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What is the association between COVID-19 and type 1 diabetes?

In a recent study published in the Diabetes Care journal, researchers assessed the relationship between incident type 1 diabetes and recent coronavirus disease 2019 (COVID-19) Infection.

According to medical claims databases, the US Centers for Disease Control and Prevention (CDC) found an increased incidence of diabetes among people under the age of 18 years, almost 30 days following severe acute respiratory syndrome coronavirus 2 (SARS-CoV-2) infection. There is proof that viral infections can cause type 1 diabetes through infection of pancreatic b cells, which sets off autoimmunity, as well as that they can accelerate autoimmunity and speed up the progression of type 1 diabetes to stage 3 in people with autoimmune b-cell destruction who are normoglycemic.

About the study

In the present study, researchers determined whether SARS-CoV-2 infection was linked to a higher incidence of type 1 diabetes incidentally.

Early in the epidemic, Public Health Scotland established the Rapid Epidemiological Analysis of Comorbidities and Treatments as Risk Factors for COVID-19 in Scotland (REACT-SCOT) study as a matched case-control study comprising all diagnosed SARS-CoV-2 infections in Scotland having up to 10 control individuals per case. These control individuals were matched for age, gender, and general practice. Individuals can be sampled more than once as a control and then as a case using the incidence density sampling design.

Including all diagnosed SARS-CoV-2 infections, the 3,938,454 persons recruited in the REACT-SCOT study up until 22 November 2021 accounted for 72% of the expected Scottish population in mid-2020. All 1,849,411 people sampled in REACT-SCOT who were under 35 years at baseline and had not received a diabetes diagnosis comprised the cohort at risk for the disease.

Each person's baseline (entry) date was the later of 1 March 2020, or the birth date. The date of exit was the earliest of the latest date of connected data extraction, the date of death, or the date of any diabetes proof. Records of COVID-19 vaccinations were collected from the Nationwide Clinical Data Store, a national database.

The first SARS-CoV-2 positive polymerase chain reaction (PCR) test in the Electronic Communication of Surveillance in Scotland database, which records all PCR testing for COVID-19 countrywide, was used to define SARS-CoV-2 infection. Some persons with a confirmed clinical diagnosis of COVID-19 who had never tested SARS-CoV-2 positive were included in the REACTSCOT cases. Based on the date of diagnosis and the type of diabetes that the practitioner entered in the SCI-Diabetes registry, incident cases of type 1 diabetes in Scotland between 2015 and 2021 were determined.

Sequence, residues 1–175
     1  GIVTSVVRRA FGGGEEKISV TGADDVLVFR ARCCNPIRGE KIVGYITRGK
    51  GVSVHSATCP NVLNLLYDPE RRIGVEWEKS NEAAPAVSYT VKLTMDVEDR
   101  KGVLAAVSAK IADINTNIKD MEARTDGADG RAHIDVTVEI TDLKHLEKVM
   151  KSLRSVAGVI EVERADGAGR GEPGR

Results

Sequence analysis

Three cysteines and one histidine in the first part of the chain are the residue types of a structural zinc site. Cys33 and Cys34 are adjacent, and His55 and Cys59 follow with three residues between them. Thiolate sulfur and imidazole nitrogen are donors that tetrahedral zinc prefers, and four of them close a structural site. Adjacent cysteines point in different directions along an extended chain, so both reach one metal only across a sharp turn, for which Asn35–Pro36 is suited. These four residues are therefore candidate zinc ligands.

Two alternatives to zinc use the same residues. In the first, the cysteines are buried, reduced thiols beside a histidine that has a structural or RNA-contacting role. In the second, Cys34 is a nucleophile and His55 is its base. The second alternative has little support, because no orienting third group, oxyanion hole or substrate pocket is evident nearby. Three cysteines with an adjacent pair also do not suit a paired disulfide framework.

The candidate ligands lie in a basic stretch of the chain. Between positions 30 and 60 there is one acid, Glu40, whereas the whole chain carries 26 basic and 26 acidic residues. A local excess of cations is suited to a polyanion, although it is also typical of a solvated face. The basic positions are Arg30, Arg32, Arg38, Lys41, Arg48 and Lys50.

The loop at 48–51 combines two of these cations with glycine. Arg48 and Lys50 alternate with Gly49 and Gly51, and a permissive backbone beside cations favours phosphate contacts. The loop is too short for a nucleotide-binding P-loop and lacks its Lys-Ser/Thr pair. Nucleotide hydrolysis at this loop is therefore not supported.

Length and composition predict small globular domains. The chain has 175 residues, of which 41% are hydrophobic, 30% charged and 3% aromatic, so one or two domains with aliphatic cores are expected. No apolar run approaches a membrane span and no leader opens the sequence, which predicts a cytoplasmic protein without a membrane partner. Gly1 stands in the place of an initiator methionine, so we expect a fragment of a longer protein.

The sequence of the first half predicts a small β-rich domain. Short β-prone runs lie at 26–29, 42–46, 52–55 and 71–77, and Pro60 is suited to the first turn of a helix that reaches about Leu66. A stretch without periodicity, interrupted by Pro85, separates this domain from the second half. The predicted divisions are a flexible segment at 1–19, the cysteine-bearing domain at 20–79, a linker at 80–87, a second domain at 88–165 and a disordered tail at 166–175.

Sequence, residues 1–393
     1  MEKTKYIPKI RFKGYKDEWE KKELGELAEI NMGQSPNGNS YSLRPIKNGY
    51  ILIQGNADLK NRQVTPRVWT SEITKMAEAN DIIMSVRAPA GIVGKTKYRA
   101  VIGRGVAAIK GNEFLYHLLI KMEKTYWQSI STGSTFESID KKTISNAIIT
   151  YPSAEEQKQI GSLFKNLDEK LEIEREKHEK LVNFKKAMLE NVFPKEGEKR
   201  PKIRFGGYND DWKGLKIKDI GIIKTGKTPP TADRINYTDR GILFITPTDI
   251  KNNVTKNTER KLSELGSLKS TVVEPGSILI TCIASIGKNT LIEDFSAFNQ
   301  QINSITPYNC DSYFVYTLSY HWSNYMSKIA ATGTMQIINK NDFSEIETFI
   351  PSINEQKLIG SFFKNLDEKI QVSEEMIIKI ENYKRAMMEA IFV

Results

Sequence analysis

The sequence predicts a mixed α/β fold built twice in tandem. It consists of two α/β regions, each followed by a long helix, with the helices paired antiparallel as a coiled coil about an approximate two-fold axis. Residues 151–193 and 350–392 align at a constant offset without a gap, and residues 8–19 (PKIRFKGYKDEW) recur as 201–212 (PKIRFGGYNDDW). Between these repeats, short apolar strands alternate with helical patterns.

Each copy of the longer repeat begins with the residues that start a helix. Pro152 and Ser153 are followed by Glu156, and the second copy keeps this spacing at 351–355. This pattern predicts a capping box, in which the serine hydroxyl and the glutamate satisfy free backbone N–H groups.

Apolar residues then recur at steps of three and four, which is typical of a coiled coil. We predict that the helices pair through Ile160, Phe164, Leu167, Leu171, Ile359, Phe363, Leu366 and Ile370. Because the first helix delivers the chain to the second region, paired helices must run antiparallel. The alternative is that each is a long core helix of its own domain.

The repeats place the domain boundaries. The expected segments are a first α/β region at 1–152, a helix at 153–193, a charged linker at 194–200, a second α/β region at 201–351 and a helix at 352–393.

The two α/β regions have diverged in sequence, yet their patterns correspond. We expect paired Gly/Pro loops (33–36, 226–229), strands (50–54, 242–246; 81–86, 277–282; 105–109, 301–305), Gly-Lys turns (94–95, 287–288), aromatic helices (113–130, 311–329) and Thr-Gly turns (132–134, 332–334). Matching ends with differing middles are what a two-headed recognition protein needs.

Almost 365,080 of the cohort's 1,849,411 participants experienced their first SARS-CoV-2 infection between March 1, 2020, and November 22, 2021. During the follow-up period, 1,074 people incidentally acquired type 1 diabetes. The age distribution of those in the cohort who had type 1 diabetes and their COVID-19 status on or before the date of their diabetes diagnosis. Up until the date of their diagnosis, 69 incident case patients having type 1 diabetes had been found to have SARS-CoV-2 infection.

The data set used for Cox regression comprised 11,553,301 person-time intervals after the data set was divided into 1-day person-time intervals and thinned. The incidence ratios for type 1 diabetes linked with previous SARS-CoV-2 infection were 2.62 for infection within the last 30 days and 0.86 for the first COVID-19 diagnosis more than 30 days prior, using no prior infection as the reference category. The equivalent rate ratios in people under the age of 16 were 3.15 and 0.79. Notably, the incidence of type 1 diabetes was not correlated with COVID-19 immunization status.

The team plotted the dates of all reverse transcriptase (RT)-PCR tests—positive or negative—conducted for people with incident type 1 diabetes to determine whether the link between incident diabetes and a first positive test within the previous 30 days could be accounted for by higher testing rates near the date of a diabetes diagnosis. In the days leading up to and following the type 1 diabetes diagnosis, there was an increase in testing frequency, most of which were negative.

Overall, the study findings demonstrated a number of potential reasons for the 1.2-fold rise in type 1 diabetes incidence noted in children and adolescents during the pandemic. The researchers believe that since incident type-1 diabetes was not correlated to COVID-19, there is no causal effect of SARS-CoV-2 on type 1 diabetes.

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